November 09, 2016 / Published 10:00 AM EST / Alyssa Charles

Financial literacy 101: Banking & budgeting

There’s a lot to wrap your head around when it comes to your finances, but a good understanding of some basic financial concepts can really take you a long way. November is financial literacy month in Canada and although Canadians received a high score when their financial knowledge was tested, many still lack confidence in their skills. A study from the Financial Planning Standards Council (FPSC) found that those who had a financial plan were better off than those without1. As part of a three-part series, we spoke with Manulife Retail Lending Specialist Tracy Kung to get answers to some of the most frequently asked questions about banking and budgeting.

What is credit and why do I need it?

Simply put, credit is borrowed money that you have to repay. Your credit score is a number that reflects your credit worthiness and is an indication of your ability to repay your debts2. Having good credit is necessary for things like buying a house or a car, taking out a loan or getting a credit card. “No credit doesn’t mean good credit,” says Tracy. It is important to build your credit because having no credit means that there is nothing to reflect that you are able to repay any debts that you incur. That makes it difficult for a lender to determine whether or not they should give you a loan.

Do I need a budget?

Short answer: Yes. Having a budget allows you keep track of how you are spending your money and it ensures you have enough money for things like paying rent, buying groceries or saving for retirement. Creating and following a budget may be an area of managing your finances where you have some difficulty, but if you have one, Tracy suggests revising it semi-annually. “You should update your budget every six months to make sure it aligns with your current lifestyle. This will allow you to adjust your spending if needed” she says. If you want to create a budget but you’re not sure where to start, you can use this printable worksheet as a starting point. Some people also find having a weekly or bi-weekly budget helpful for keeping track of day-today spending.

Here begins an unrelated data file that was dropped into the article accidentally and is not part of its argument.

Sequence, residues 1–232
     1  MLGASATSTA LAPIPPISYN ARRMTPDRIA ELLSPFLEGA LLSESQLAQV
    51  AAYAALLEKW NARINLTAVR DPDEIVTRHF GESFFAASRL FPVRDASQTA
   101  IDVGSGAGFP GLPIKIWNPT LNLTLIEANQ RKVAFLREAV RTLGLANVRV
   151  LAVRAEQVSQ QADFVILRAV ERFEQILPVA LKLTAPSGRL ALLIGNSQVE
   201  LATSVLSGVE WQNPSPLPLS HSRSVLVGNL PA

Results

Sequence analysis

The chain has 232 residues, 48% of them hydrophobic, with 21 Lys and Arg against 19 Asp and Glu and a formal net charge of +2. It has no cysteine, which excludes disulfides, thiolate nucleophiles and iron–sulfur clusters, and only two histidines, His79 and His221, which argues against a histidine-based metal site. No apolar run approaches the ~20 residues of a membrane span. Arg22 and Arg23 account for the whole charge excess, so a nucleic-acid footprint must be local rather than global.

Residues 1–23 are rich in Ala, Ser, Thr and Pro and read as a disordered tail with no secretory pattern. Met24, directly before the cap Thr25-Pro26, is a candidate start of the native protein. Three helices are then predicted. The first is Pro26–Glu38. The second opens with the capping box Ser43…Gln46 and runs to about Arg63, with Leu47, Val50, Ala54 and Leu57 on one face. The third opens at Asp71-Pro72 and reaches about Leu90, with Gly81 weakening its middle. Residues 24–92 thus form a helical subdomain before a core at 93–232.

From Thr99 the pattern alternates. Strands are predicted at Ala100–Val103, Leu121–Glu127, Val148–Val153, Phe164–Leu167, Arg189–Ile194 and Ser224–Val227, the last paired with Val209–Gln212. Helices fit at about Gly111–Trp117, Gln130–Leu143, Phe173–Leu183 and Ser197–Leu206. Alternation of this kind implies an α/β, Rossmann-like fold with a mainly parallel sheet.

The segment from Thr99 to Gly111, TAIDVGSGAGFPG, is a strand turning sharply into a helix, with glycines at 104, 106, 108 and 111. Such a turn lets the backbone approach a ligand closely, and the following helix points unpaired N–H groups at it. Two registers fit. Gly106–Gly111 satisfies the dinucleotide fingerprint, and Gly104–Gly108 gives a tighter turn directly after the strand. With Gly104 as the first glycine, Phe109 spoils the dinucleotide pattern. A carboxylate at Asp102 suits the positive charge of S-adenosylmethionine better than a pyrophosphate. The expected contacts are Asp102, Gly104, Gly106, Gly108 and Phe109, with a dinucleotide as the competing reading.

With competing savings goals, how do I budget for and prioritize needs vs. wants?

Between saving for retirement, kids’ education, homeownership and day-to-day spending, money can be tight. Tracy suggests using a goal-based strategy for budgeting needs vs. wants. A goal-based strategy focuses on your progress towards your short or long term life goals. Some of your short-term goals may include going on vacation or buying a new car, whereas your long-term goals may include purchasing a home or saving for retirement. Whatever your goals may be, using a goal-based strategy will help you prioritize.

How do I build an emergency fund?

If you want to factor an emergency fund into your budget, Tracy suggests setting up automatic transfers between your accounts. Typically, your emergency fund should be at least three months of net household income. You can figure out how much you can afford to save from each paycheque and have that amount automatically transferred into to your emergency fund account. If you’re thinking of setting up your emergency fund in a tax-free-savings account (TFSA), use this TFSA calculator to find out how much you can save. For more ideas read: Why you need an emergency fund and how to build one.

1 http://www.advisor.ca/news/industry-news/survey-financial-planning-pays-off-431
2 http://www.investopedia.com/terms/c/credit_score.aspx

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